Both feminist and post-processual archaeologists have critiqued the construction of ahistorical cross-cultural laws that over-generalize similarities among cultures and overlook significant contextual differences ([74]: 102). While arguing that the universal laws constructed by processual archaeologists are trivial, post-processual archaeologists argue for the validity of historical laws within a particular cultural context, following on Binford ([71, 75]: 11). Feminists have further shown that universal overgeneralizations can be politically significant in supporting modern inequalities. Modern gender inequalities have been legitimated and naturalized by projecting them as universal in the past. Post-modern feminists have deconstructed stereotypic monolithic binary oppositions of women versus men by analyzing the complexity in gender systems created by intersections of gender with race, ethnicity, class, religion, and other social factors ([84]: 129-130).

Comparison of nonlinear systems theory, post-processual theorizing, and feminist theory suggests synergistic expansions of each theory. Nonlinear systems theory could be expanded to include the critique of the comparative cross-cultural method of overgeneralizing and essentializing that supports the development of universal cultural generalizations and laws ([71]: 11). Nonlinear systems theory and post-processualism could both gain insight from the feminist critiques of the process of constructing universal generalizations about essential biological gender dichotomies through the projection of western categories onto other cultures ([84]: 130).

The post-processual critique that universal laws do not take historical context into account could be expanded with the explanation in nonlinear systems theory that universal scientific laws only apply under ideal conditions. For instance, the universal law of gravitation needs to be qualified according to actual context, such as air resistance and height above earth, in order to be accurately applied to different real-world processes. The ideal nature of universal laws is due to the generalization from particular situations that is required to generate universal laws. The fact that universal laws are ideal explains why they do not fully explain any particular historical situation or process. Nonlinear differential equations have been useful in showing how context-specific rules and initial conditions can be iterated to more accurately model the actual historical path of a process than is possible using universal laws. Nonlinear differential equations could be used in post-processual archaeology to methodologically implement the theorizing that historical laws are useful, by analyzing real data.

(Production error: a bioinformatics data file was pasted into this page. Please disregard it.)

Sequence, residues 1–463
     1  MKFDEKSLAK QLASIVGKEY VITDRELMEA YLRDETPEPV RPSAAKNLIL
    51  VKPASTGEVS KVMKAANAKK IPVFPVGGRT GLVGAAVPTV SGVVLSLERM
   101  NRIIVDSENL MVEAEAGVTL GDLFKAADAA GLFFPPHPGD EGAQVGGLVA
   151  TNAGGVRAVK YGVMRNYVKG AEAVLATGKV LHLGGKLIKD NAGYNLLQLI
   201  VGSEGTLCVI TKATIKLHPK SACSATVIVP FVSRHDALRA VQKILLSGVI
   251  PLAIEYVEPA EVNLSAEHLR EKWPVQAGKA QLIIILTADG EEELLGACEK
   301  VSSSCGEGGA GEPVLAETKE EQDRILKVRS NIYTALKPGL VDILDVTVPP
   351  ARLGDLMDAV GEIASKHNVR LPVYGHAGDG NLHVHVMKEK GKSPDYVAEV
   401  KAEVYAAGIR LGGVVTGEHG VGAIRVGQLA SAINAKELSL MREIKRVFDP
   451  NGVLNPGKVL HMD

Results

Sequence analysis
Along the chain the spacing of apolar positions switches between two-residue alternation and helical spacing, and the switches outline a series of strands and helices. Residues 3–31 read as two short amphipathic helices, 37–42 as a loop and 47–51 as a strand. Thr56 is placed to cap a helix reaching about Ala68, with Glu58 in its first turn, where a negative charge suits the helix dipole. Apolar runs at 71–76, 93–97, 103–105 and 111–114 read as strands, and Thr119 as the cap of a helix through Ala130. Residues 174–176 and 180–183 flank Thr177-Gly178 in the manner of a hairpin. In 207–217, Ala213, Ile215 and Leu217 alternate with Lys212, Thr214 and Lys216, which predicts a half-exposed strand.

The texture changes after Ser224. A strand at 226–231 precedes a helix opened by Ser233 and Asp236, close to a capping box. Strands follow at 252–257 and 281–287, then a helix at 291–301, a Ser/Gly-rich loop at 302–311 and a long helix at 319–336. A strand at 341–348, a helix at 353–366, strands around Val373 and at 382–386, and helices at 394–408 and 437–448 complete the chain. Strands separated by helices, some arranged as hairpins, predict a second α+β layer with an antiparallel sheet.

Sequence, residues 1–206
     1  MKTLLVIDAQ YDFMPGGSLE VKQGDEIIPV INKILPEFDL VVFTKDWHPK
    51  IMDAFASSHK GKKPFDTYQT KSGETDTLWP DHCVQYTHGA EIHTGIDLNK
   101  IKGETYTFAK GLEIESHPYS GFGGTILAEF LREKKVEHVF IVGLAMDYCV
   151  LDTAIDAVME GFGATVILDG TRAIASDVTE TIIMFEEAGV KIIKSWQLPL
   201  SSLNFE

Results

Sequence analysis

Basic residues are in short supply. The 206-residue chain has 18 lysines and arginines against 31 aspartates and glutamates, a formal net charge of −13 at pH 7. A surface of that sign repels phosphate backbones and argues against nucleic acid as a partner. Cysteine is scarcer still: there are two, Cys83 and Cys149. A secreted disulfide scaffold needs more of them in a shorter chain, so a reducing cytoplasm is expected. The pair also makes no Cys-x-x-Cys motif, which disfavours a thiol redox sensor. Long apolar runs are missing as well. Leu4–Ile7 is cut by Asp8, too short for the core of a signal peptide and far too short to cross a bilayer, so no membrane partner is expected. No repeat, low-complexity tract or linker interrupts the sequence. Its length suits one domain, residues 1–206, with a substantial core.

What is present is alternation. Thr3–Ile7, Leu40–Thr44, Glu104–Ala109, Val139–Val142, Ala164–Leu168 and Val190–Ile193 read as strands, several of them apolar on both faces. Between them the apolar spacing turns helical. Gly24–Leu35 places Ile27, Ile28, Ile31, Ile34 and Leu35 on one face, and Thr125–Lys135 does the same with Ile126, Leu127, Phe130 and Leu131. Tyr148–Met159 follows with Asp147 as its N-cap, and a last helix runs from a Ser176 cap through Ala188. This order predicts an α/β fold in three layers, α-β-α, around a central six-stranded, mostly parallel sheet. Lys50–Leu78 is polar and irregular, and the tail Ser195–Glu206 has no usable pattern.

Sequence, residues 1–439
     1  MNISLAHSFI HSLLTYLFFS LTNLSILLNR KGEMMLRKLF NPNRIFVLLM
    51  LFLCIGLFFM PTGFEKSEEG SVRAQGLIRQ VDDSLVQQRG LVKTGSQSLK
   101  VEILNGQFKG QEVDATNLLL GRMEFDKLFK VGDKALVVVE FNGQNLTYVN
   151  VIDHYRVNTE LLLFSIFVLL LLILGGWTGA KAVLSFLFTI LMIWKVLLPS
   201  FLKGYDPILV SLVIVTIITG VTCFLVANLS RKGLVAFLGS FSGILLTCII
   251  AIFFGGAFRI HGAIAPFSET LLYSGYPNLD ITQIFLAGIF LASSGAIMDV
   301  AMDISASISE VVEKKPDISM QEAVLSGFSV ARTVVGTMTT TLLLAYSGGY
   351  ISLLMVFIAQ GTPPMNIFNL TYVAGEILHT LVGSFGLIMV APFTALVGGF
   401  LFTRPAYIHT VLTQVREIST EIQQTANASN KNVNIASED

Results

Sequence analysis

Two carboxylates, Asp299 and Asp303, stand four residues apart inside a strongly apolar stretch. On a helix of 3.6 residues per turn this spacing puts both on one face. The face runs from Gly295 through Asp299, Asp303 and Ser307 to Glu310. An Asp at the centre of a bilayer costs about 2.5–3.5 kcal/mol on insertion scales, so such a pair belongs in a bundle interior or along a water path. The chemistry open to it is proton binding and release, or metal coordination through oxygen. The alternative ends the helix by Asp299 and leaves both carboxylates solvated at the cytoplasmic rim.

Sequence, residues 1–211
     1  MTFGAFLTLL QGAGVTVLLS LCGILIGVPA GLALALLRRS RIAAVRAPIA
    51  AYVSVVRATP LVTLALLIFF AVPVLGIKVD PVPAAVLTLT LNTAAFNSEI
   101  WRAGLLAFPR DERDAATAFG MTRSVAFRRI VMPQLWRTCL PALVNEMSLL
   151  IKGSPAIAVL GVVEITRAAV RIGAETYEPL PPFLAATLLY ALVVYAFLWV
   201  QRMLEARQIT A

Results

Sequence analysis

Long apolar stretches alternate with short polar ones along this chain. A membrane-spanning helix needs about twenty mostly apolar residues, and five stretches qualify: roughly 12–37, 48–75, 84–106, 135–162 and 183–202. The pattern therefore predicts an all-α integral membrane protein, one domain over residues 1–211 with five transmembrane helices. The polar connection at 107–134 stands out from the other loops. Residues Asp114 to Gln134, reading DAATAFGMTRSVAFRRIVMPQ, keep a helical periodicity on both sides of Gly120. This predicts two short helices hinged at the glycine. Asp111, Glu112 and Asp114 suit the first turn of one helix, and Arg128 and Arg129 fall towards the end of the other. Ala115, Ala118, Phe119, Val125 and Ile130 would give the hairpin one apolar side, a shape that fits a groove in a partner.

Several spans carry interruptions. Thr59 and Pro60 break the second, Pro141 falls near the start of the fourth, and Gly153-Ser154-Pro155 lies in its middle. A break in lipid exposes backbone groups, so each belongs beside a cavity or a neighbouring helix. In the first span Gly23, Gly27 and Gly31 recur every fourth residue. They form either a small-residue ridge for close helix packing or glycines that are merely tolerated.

##### 5.5. Nonlinear Evolutionary Theory

Nonlinear systems theory has significantly increased our understanding of cultural as well as biological evolution ([53, 68]: 87–109). Nonlinear systems theory and feminist theory both critiqued the focus on competition in Darwinian evolutionary theory, and the neglect of the importance of cooperation. Feminists have more specifically critiqued the focus on male competition in early hominid evolution ([54]: 94–97).

Some significant connections and synergies are possible between the post-processual theorizing about Braudel’s [78] longue duree and the nonlinear systems theory of evolution. Nonlinear systems theory has revealed that an inaccurate scientific belief that evolution was reversible had supported the search for ahistorical laws. The nonlinear systems theory contention that evolution, including cultural evolution, is irreversible is congruent with the post-processual theorizing about historical contingency due to cultural context. Post-processual theorizing could be enhanced with nonlinear systems theorizing about the irreversibility of cultural evolution and its connection to the critique of universal laws. Post-processual archaeology could be expanded with the nonlinear systems theory contention that the evolutionary path of nonlinear systems, including cultures, cannot be completely described or explained because the initial conditions cannot be measured accurately enough. Initial conditions could correspond to individual or social group variations in behavior.